1. Underwriting without questions, as illustrated by the Aviva/Deloitte pilot project featured in the WSJ in November 2010
  2. Agents optional, based on general trends, with the specific example of the NAIC basically throwing agents under the bus
  3. Maximum profitability, as illustrated by the industry’s acceptance of the minimum Medical Loss Ratio provision of PPACA

I asked insurers to:

Consider a future in which:

  • Underwriting requirements come from third-parties, not your own efforts
  • Intermediaries are only one channel among many
  • Your total loss numbers are constant from year to year at a mandated level

Is that a future in which your organization could survive?

I believe the first two, which seem far out now, will be commonplace by the end of the decade. I will be happy to buy the drinks at the 2020 IASA show if I am wrong.

The third is much more contingent on political winds. But if health insurers capitulate on this point, P&C and life insurers need to clearly differentiate themselves from health insurers in terms of public perception or face the risk of operating with the same constraints[emphasis added].

As we’ve pointed out in recent posts, agents are already just one channel among many, even in previously unthinkable lines of business like small commercial. I also recently came across an example of underwriting without questions, MetLife’s Xcelerate system, as reported in IIReporter.

Perhaps most concerning for insurers, however, is a recent example that indicates the third item — government-mandated maximum profitability — is not too far off. The ban by Florida and several other states on “price optimization” is an indication that political pressures may bring a PPACA model to P&C.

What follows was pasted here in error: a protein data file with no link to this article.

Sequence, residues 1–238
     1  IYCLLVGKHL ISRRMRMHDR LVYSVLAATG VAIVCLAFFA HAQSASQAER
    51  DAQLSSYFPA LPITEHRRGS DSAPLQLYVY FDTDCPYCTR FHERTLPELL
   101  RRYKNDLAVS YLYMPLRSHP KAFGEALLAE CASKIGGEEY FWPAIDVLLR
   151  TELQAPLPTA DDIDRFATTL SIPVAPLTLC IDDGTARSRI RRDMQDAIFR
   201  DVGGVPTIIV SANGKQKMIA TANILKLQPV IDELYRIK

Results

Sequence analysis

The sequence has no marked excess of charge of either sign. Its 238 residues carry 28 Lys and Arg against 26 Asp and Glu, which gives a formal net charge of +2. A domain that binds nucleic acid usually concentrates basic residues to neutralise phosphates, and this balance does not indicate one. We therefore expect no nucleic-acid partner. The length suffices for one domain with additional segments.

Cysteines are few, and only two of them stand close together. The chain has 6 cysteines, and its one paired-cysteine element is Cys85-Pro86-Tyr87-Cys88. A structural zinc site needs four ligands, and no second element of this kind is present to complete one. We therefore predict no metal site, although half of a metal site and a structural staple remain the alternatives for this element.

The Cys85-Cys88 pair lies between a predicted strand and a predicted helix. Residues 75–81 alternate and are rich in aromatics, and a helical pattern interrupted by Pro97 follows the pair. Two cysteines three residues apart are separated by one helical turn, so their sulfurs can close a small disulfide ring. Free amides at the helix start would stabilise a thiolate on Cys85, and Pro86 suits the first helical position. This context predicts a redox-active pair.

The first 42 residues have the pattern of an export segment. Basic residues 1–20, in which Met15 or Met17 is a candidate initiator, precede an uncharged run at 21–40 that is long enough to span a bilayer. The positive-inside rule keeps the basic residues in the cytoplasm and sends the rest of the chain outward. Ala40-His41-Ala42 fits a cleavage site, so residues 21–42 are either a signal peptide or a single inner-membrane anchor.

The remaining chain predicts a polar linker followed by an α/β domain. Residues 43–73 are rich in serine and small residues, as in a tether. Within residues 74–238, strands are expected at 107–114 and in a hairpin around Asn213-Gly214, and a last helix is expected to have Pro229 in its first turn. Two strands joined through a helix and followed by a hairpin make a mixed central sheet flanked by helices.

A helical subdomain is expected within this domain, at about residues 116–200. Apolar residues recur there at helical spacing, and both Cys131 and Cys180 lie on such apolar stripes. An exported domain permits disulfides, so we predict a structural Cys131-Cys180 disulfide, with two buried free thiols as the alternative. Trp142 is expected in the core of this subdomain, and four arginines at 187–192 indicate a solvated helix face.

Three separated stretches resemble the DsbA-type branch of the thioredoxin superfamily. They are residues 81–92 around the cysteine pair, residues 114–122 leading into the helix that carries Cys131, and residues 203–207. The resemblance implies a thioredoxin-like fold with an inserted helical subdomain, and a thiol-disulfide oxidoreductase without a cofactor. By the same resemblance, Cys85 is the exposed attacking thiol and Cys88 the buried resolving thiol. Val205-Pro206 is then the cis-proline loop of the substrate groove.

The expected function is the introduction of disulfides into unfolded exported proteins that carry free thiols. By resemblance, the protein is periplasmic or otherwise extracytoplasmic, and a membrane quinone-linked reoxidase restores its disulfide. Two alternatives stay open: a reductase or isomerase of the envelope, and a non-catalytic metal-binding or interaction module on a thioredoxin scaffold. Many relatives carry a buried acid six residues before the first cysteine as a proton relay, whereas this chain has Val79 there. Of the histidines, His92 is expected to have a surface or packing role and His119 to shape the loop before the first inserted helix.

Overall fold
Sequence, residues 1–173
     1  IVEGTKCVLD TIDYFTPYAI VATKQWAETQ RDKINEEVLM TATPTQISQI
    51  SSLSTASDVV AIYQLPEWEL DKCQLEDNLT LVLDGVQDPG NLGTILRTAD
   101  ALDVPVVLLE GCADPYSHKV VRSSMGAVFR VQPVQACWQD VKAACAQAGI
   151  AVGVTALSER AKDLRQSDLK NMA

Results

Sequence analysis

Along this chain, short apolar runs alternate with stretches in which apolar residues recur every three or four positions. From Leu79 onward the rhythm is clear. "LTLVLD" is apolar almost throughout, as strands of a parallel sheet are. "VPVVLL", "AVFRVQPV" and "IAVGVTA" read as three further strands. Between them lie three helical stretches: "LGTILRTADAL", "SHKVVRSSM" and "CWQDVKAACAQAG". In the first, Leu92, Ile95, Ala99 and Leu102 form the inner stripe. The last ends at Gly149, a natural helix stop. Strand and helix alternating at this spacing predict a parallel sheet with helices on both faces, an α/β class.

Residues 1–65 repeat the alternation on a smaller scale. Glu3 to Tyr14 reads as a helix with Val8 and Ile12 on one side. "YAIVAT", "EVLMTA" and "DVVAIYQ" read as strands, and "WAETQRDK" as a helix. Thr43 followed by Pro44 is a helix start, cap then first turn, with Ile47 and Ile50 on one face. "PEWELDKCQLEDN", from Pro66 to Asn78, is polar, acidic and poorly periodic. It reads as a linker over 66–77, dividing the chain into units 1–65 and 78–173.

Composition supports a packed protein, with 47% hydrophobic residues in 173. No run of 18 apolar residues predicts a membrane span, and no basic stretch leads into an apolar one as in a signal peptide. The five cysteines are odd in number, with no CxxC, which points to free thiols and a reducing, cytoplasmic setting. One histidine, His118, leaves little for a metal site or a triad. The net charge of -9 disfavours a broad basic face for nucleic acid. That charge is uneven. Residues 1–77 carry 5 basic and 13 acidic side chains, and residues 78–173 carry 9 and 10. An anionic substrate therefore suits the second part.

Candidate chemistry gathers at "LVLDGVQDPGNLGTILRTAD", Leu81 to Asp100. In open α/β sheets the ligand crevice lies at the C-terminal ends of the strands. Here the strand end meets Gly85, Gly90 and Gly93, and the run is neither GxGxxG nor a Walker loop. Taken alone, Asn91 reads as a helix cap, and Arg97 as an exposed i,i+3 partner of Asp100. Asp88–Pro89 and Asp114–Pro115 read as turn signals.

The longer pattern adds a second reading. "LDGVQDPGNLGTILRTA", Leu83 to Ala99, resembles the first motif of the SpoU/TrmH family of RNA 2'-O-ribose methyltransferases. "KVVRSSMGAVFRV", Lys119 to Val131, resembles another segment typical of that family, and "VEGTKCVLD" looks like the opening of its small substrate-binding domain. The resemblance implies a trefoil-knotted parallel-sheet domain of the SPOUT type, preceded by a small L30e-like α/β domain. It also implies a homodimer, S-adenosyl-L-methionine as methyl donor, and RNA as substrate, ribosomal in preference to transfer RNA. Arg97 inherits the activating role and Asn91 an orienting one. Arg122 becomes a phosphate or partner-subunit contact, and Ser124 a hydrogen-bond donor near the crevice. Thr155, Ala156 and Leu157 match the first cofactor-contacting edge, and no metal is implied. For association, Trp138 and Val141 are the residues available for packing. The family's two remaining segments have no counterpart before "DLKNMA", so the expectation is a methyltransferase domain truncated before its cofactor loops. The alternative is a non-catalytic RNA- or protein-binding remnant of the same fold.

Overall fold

However insurers choose to try to address these changes, they cannot ignore them much longer. The industry is changing rapidly, and insurers must ensure that they can adapt their business models and the technology capabilities that support their business models.

Novarica Research Update: M&A and Insurer Accelerators and VC Funds

Matthew Josefowicz

With investor money flooding the insurance technology sector and tech company M&A activity at a fever pitch, Novarica has published two new reports: “Insurance Software M&A Update 2015 Q2” and “Insurer Accelerators and VC Funds: Buying Innovation”.

With the recent acquisitions of Agile Technologies and Cover-All by Majesco, Oceanwide by Insurity, and CCC Information Services and Mitchell International by a private equity firm, as well as a slew of other acquisitions over the last 24 months, there is continued activity in this still highly fragmented sector

Novarica’s “Insurer Software M&A Update 2015 (Q2)” brief provides an update on the M&A in the insurance software sector with an overview of the main participants, information about recent transactions, and predictions for future activity. Solution providers discussed include: Accenture, Capgemini, Cognizant, Computer Sciences Corporation (CSC), Ebix, Guidewire, HP, IBM, iPipeline, Insurity, Majesco, Microsoft, Mphasis, Oracle, SAP, Sapiens, StoneRiver, TCS, and Vertafore. A free preview of this report is available at: http://novarica.com/manda2015/